Low in fat and high in protein, cottage cheese has long been a staple for many dieters. However, people on the keto diet may want to be careful about eating cottage cheese in abundance. A single cup of small curd cottage cheese has roughly 8 grams of carbohydrates. Although it may be good to eat alone as a filling snack, be careful about pairing it with other foods that have traces of carbs, like avocados and nuts.
Despite its bad reputation, consuming the egg yolk is a key part of receiving all the great health benefits eggs have to offer.  The egg yolk is concentrated with essential nutrients like folate, B12, zinc and choline.  It is also rich in the fat burning compound conjugated linoleic acid (CLA) and the powerful and hard to get fat soluble vitamins A, D, E and K2.
Nuts are a great source of fat, and can be a great keto snack. However, it is easy to go overboard. Most nuts are calorically dense, so they can be easy to over-consume. On more than one occasion, I have found myself sitting next to the jar of nuts and “just having a few more”. Before I was aware, I had probably consumed 800 extra calories of nuts! Depending on your goals, consuming nuts in excess can hinder your progress. That’s not to say that nuts are off limits, though. Instead, portion out single servings beforehand. Avoid sitting down with the entire container. This goes for every other snack, but I feel that nuts are one of the easiest things to overeat.
Thank you, Ariana! Are you referring to concentrated pure monk fruit powder, OR powdered monk fruit blend (which has monk fruit and erythritol in the ingredients)? If it’s concentrated powder, it can vary due to the concentration but would be a lot less. If it’s a blend, the amount would be similar but just a little less – just use scant measuring cups.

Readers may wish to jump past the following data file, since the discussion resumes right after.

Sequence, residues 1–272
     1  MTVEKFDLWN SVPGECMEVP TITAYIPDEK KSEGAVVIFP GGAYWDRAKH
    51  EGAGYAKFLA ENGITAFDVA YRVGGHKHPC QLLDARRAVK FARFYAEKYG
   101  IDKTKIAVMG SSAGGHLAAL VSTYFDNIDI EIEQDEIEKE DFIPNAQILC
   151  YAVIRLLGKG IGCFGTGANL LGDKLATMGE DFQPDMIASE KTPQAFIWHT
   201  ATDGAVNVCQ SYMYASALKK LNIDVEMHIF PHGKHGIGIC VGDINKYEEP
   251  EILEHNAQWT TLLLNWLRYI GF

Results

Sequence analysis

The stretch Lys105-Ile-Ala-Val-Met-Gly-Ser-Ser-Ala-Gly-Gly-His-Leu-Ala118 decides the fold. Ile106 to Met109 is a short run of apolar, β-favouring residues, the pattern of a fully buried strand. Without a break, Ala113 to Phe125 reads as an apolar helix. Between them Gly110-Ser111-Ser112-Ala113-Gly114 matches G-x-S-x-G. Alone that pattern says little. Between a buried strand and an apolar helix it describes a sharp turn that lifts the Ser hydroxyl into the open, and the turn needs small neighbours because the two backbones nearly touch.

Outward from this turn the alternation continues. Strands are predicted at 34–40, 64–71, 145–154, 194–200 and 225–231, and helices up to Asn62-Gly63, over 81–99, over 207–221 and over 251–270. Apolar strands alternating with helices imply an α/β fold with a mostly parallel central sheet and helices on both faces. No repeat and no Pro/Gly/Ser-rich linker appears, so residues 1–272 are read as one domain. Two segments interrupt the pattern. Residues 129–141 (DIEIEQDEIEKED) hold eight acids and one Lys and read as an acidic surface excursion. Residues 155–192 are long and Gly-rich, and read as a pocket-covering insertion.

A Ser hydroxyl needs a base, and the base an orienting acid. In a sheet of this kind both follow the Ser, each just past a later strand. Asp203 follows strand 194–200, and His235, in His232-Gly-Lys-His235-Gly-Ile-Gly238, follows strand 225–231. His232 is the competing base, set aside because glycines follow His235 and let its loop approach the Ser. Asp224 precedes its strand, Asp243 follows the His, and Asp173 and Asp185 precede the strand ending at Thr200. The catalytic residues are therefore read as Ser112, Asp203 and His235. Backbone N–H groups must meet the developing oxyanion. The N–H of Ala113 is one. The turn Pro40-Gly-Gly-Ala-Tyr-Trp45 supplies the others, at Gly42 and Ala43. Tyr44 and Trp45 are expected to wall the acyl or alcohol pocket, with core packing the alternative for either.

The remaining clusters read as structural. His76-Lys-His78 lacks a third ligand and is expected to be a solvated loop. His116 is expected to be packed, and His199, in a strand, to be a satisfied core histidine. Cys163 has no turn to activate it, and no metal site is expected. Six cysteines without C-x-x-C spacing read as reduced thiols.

The net carb content of the acids near the top of this list actually accounts for more than a few generous squeezes. In other words, a wedge of lime is not going to be your downfall. And yes, the blueberry barely placed. What a disappointing showing for the fruit of intellectuals. With roughly 7 grams of sugar per 2 ounces, the kick is hardly noticeable. One could never guess based on the subtle bite each dainty berry provided for our tastebuds, as they were just that. Subtle. Too subtle for the price of admission. The rest of the berry gang just may be better off without it, but then again, stock photographers play by different rules.


Hi Sarah, Sorry, I don’t have that detail of granularity. The chart is designed to show equivalents if someone has a different type of sweetener, but is not meant to be a way to combine sweeteners. I suppose you could try doing a conversion for half the sweetener amount needed in the recipe, then use half of the original and half of the conversion. I just can’t say for sure if the results would be the same, and it would depend on the recipe. For cheesecake filling it would probably be fine as long as you use either a powdered sweetener (as in powdered erythritol or monk fruit) or super concentrated liquid or powder (as in pure stevia powder/liquid).

Milk—but not cheese—is off the list because it contains a lot of lactose, a form of sugar, which makes it high in carbohydrates. When cheese is made, all the sugar is eaten by bacteria and turned into lactic acid, cutting the carb content way down. Low- and reduced-fat dairy products are to be avoided as they’re overly processed, which strips out nutrients like the fatty acids that make you feel full. Plus, sugar is often added to make up for a loss of flavor and texture, so some actually have more sugar than full-fat dairy. Resist shredded cheese, too, as it contains a carby potato starch that keeps it from sticking together.
Nuts are a great source of fat, and can be a great keto snack. However, it is easy to go overboard. Most nuts are calorically dense, so they can be easy to over-consume. On more than one occasion, I have found myself sitting next to the jar of nuts and “just having a few more”. Before I was aware, I had probably consumed 800 extra calories of nuts! Depending on your goals, consuming nuts in excess can hinder your progress. That’s not to say that nuts are off limits, though. Instead, portion out single servings beforehand. Avoid sitting down with the entire container. This goes for every other snack, but I feel that nuts are one of the easiest things to overeat.
Because you are using active ingredients in this recipe, it is important that you clean the equipment well before you start, but this can be done easily by soaking them in boiling water. This low-carb recipe uses live yogurt to start the culture process, and any plain one will do. Once the yogurt is ready you can serve it with berries or use it to make delicious creamy sauces.